"As funny as it is touching and convincing." -- The Guardian
"Moving and inspirational." -- Funday Times
From the Author
I think that the book teaches a lot about true friendship. If you like stories that have a twist to them you will like Rodman Philbrick's FREAK THE MIGHTY!!!!! This book was a #1 book. rating- 10
From the Back Cover
And he is used to everyone being scared of him.
On account of his size and looking like his dad.
Kevin is used to being called Dwarf.
And he is used to everyone laughing at him.
On account of his size and being some cripple kid.
But Greatness comes in all sizes, and together Max and Kevin become Freak the Mighty and walk high above the world.
About the Author
Excerpt. © Reprinted by permission. All rights reserved.
I never had a brain until Freak came along and let me borrow his for a while, and that's the truth, the whole truth. The unvanquished truth, is how Freak would say it, and for a long time it was him who did the talking. Except I had a way of saying things with my fists and my feet even before we became Freak the Mighty, slaying dragons and fools and walking high above the world.
Called me Kicker for a time - this was day care, the year Gram and Grim took me over - and I had a thing about booting anyone who dared to touch me. Because they were always trying to throw a hug on me, like it was a medicine I needed.
Gram and Grim, bless their pointed little heads, they're my mother's people, her parents, and they figured whoa! better put this little critter with other little critters his own age, maybe it will improve his temper.
Yeah, right! Instead, what happened, I invented games like kick-boxing and kick-knees and kick-faces and kick-teachers, and kick-the-other-little-day-care-critters, because I knew what a rotten lie that hug stuff was. Oh, I knew.
That's when I got my first look at Freak, that year of the phoney hugs. He didn't look so different back then, we were all of us pretty small, right? But he wasn't in the playroom with us every day, just now and then he'd show up. Looking sort of fierce is how I remember him. Except later it was Freak himself who taught me that remembering is a great invention of the mind, and if you try hard enough you can remember anything, whether it really happened or not.
So maybe he wasn't really all that fierce in day care, except I'm pretty sure he did hit a kid with his crutch once, whacked the little brat pretty good. And for some reason little Kicker never got around to kicking little Freak.
Maybe it was those crutches kept me from lashing out at him, man those crutches were cool. I wanted a pair for myself. And when little Freak showed up one day with these shiny braces strapped to his crooked legs, metal tubes right up to his hips, why those were even more cool than crutches.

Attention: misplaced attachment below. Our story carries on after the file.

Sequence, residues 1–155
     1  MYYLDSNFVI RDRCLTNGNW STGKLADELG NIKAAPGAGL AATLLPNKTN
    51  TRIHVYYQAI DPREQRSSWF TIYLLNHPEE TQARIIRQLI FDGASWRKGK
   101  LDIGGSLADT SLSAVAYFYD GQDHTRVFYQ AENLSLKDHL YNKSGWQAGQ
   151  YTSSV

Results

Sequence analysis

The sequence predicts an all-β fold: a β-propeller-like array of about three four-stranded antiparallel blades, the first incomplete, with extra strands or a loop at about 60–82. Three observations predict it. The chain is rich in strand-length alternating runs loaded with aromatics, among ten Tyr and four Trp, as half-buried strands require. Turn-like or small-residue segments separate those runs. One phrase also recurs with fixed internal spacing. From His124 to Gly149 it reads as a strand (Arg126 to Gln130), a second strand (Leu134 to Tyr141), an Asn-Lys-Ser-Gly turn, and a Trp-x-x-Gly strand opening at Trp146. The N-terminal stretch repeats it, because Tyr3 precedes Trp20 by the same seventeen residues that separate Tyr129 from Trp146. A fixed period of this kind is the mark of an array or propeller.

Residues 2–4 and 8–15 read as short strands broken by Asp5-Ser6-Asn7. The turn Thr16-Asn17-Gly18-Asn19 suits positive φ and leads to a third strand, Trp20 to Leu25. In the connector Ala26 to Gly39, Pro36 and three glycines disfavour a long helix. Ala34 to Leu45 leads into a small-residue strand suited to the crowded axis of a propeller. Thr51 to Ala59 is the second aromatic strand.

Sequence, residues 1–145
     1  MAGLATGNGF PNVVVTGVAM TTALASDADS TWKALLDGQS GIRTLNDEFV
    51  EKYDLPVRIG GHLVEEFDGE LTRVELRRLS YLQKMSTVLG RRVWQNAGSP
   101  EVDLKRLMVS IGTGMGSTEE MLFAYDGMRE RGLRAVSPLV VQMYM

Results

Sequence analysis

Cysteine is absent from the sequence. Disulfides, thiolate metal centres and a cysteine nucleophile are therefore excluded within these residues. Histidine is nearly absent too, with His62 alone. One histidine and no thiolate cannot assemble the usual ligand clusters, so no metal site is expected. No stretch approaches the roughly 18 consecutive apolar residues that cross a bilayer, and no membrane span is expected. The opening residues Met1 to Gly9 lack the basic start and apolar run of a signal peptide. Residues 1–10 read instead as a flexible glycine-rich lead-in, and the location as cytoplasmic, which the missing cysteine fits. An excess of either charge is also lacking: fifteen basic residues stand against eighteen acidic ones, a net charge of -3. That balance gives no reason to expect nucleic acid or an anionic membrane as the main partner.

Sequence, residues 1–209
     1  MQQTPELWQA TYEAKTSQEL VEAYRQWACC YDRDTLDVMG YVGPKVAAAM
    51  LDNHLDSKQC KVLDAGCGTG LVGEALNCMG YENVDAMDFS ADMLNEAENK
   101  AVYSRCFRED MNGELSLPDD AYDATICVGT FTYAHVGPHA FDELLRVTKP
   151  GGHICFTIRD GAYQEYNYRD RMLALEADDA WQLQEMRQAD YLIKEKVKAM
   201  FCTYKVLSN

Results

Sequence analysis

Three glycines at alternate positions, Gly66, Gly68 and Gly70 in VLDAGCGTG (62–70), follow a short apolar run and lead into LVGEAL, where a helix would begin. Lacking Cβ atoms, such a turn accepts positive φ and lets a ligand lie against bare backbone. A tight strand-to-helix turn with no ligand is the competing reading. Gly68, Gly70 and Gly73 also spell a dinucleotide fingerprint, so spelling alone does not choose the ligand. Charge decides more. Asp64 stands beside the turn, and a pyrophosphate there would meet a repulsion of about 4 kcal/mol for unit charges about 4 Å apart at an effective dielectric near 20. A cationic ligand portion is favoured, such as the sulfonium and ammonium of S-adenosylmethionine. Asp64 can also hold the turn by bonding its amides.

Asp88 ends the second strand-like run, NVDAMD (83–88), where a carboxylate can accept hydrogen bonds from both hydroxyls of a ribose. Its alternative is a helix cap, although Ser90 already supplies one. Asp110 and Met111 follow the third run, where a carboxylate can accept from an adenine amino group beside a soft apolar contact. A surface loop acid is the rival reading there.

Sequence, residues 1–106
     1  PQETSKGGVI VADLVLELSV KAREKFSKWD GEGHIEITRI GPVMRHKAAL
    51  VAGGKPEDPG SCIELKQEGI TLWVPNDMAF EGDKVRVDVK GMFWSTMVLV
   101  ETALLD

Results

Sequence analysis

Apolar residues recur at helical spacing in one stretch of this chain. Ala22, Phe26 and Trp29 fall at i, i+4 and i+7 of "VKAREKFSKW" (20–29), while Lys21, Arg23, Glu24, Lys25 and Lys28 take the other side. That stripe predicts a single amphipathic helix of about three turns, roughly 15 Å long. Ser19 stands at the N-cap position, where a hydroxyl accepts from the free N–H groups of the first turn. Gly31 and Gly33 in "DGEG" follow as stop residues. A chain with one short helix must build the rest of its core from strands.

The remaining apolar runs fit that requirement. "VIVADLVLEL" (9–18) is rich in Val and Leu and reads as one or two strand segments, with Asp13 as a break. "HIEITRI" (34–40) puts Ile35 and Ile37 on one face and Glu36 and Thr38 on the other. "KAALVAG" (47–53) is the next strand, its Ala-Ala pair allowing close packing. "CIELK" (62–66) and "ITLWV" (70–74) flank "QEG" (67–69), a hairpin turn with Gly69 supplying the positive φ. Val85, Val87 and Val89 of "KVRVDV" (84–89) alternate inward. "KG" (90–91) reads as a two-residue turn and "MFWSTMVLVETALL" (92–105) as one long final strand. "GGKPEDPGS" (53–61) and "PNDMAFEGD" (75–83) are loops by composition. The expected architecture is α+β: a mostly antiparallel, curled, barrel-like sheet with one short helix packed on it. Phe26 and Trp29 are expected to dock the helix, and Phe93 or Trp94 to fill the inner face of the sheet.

"I'm Robot Man," little Freak would go, making these weird robot noises as he humped himself around the playground. Rrrr... rrr... rrr... like he had robot motors inside his legs, going rrrrr... rrrr... rrrr, and this look, like don't mess with me, man, maybe I got a laser cannon hidden inside these leg braces, smoke a hole right through you. No question, Freak was hooked on robots even back then, this little guy two feet tall, and already he knew what he wanted.
Then for a long time I never saw Freak any more, one day he just never came back to day care, and the next thing I remember I'm like in the third grade or something and I catch a glimpse of this yellow-haired kid scowling at me from one of those cripple vans. Man, they were death-ray eyes, and I think, hey, that's him, the robot boy, and it was like whoa! because I'd forgotten all about him, day care was a blank place in my head, and nobody had called me Kicker for a long time.
Mad Max they were calling me, or Max Factor, or this one butthead in L.D. class called me Maxi Pad, until I persuaded him otherwise. Gram and Grim always called me Maxwell, though, which is supposed to be my real name, and sometimes I hated that worst of all. Maxwell, ugh.
Grim out in the kitchen one night, after supper whispering to Gram had she noticed how much Maxwell was getting to look like Him? Which is the way he always talked about my father, who has married his dear departed daughter and produced, eek eek, Maxwell. Grim never says my father's name, just Him, like his name is too scary to say.
It's more than just the way Maxwell resembles him, Grim says that night in the kitchen, the boy is like him, we'd better watch out, you never know what he might do while we're sleeping. Like his father did. And Gram right away shushes him and says don't ever say that, because little pictures have big ears, which makes me run to the mirror to see if it is my ears made me look like Him.
What a butthead, huh?
Well, I was a butthead, because like I said, I never had a brain until Freak moved down the street. The summer before eighth grade, right? That's the summer I grew so fast that Grim said we'd best let the boy go barefoot, he's exploding out of his shoes. That barefoot summer when I fell down a lot, and the weirdo robot boy with his white-yellow hair and his weird fierce eyes moved into the duplex down the block with his beautiful brown-haired mum, the Fair Gwen of Air.
Only a falling-down goon would think that was her real name, right?
Like I said.
Are you paying attention here? Because you don't even know yet how we got to be Freak the Mighty. Which was pretty cool, even if I do say so myself.